I noted last time that fencing is an acknowledgment that we are failing to coexist with and successfully protect wild nature (15). I am thus thankful that the exclosure fencing in RMNP went up in the years after my last visit so that I did not come across it. My observations of elk in RMNP have anyway been when they are in their summer range on the open alpine meadows around the Ute Trail, and where there are no deciduous trees that could be damaged. In early 2009, within a few months of that last visit, the extensive wild backcountry of RMNP, including those alpine meadows, was finally and quite rightly designated as wilderness, encompassing 94% of the park area. (59). Although I can’t be wholly certain of this, the areas with fencing exclosures in RMNP are mostly in the parts of the park that were not included in the designated wilderness area (compare Figs. 4 and 5 in (47) with the wilderness map in (60)). This is also a relief since fences have no place in truly wild systems like a designated wilderness. It is the case that ecological restoration in Britain often has to start with fencing to exclude the centuries of unrestrained herbivore pressure that degraded and simplified the vegetation cover and, sometimes, the return of vegetation species has to be given assistance when there is no nearby source from which it can return (i.e.(14)). However, at some point, that fencing becomes the discussion about whether the only path forward is a thoroughly managed future, increasingly devoid of the naturalness of what should be a functional consumptive pressure that is restrained by predation. If we take the fences down, then the risk is that the degradation cycle of the vegetation from unrestrained herbivore pressure begins again, unless we do something about the herbivores. The arch-grazers and their herbivore-driven landscapes will say that fencing gives them control, that they can regulate the grazing within fenced enclosures in a way that substitutes for the absence of top predators by “pulse” grazing (61). However, that really does tie the future of an increasingly less wild nature to human influence and control. The awfulness of that prospect can be no better argument for reversing the ecological incompleteness of Britain.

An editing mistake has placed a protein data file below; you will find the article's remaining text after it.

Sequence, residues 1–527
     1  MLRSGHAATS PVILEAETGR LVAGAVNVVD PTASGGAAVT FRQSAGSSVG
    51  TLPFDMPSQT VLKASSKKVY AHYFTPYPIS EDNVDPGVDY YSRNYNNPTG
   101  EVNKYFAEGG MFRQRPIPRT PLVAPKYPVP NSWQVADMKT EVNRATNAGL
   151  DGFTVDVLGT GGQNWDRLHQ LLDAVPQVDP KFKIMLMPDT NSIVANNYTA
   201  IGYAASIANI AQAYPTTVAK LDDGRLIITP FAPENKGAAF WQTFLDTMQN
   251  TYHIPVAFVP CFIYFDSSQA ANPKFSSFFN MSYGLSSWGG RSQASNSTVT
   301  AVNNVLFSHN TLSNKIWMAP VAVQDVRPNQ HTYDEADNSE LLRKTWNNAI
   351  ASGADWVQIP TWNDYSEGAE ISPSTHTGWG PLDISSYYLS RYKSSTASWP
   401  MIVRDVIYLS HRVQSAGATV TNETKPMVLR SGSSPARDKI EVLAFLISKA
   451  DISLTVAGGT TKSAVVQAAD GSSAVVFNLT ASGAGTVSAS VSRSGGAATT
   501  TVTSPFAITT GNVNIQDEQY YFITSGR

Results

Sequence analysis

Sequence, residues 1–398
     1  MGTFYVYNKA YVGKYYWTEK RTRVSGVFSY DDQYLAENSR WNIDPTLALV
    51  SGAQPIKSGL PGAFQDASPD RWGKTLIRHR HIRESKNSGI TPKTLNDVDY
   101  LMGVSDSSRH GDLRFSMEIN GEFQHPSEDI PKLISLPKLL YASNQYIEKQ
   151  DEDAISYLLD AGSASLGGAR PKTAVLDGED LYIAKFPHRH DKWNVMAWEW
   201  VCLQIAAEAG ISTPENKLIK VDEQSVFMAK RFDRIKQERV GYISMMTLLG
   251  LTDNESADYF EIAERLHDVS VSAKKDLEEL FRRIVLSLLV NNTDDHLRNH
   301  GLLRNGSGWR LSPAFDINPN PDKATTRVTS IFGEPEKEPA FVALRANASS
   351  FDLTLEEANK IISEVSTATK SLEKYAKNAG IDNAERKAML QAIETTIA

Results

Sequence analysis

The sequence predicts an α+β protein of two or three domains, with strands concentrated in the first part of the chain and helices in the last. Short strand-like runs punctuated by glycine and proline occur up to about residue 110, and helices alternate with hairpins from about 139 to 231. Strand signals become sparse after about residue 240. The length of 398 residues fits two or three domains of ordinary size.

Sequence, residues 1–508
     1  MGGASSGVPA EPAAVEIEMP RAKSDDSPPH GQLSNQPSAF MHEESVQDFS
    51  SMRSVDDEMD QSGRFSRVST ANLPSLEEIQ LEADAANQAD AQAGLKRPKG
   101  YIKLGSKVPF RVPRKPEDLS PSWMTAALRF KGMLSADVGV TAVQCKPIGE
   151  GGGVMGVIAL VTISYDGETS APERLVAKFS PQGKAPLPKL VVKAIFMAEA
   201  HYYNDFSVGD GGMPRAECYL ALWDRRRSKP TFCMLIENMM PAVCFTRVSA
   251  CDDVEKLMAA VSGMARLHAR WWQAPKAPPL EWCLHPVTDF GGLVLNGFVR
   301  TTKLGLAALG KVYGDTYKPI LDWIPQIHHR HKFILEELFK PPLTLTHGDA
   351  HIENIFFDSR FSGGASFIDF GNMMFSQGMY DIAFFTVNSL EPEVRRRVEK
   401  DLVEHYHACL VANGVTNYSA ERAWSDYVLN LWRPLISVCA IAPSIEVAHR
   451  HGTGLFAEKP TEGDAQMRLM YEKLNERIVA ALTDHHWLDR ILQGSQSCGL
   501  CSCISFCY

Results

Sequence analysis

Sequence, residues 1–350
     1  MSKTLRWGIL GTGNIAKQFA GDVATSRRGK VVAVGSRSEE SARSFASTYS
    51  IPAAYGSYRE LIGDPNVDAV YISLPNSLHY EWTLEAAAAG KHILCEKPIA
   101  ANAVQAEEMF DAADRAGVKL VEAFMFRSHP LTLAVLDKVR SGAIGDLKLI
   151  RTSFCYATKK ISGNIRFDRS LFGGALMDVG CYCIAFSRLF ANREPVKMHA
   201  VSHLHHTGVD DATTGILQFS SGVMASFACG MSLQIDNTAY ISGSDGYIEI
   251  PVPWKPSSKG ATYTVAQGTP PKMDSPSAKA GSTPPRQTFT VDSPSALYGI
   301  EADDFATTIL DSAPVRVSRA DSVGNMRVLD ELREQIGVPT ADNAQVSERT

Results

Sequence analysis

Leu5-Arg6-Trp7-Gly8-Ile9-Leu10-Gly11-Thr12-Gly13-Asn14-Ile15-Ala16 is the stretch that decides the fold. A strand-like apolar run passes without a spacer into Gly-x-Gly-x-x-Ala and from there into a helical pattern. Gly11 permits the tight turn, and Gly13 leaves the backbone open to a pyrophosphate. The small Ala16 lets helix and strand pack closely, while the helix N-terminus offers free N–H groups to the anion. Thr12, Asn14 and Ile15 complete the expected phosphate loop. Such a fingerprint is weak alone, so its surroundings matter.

Mark Fisher 5 September 2015

(1) Fisher, M. (2009) Ecological incompleteness and our missing top predators: learning the lessons from abroad. Wilder Horizons 1: 14-16

(2) Lima, S.L., and Dill, L.M. (1990) Behavioral decisions made under the risk of predation: a review and prospectus. Canadian Journal of Zoology, 68: 619—640

(3) Brown, J. S., Laundré, J. W., & Gurung, M. (1999). The ecology of fear: optimal foraging, game theory, and trophic interactions. Journal of Mammalogy, 80(2), 385-399.

(4) Reintroducing lynx – sensing an atmosphere of wildness, Self-willed land February 2009

(5) Ecological consequence of predator removal, Self-willed land July 2014

(6) Lack of natural control mechanisms - the missing lynx, Self-willed land June 2014

(7) Habitat fragmentation and the ecology of artefacts, Self-willed land January 2015

(8) Large carnivores as the focal species for reinstatement of natural processes in Britain, Self-willed land November 2014

(9) The third dimension is the last refuge of the wild, Self-willed land December 2014

(10) Cry wolf - the return of Britain's top predator, Self-willed land February 2015

(11) Lynx UK Trust lets the cat out of the bag, Self-willed land April 2015

(12) Coastal temperate rainforest - in Britain?!, Self-willed land June 2015

(13) The natural vegetation of England, Self-willed land August 2014

(14) Watching the naturalness return to the Carrifran Valley, Self-willed land April 2015

 (15) A challenge to Rewilding Britain, Self-willed land August 2015

(16) Fisher, M., Ecological values of wilderness in Europe, in: K. Bastmeijer (ed.), Wilderness Protection in Europe: The Role of International, European and National Law,

Cambridge: Cambridge University Press 2016 (forthcoming)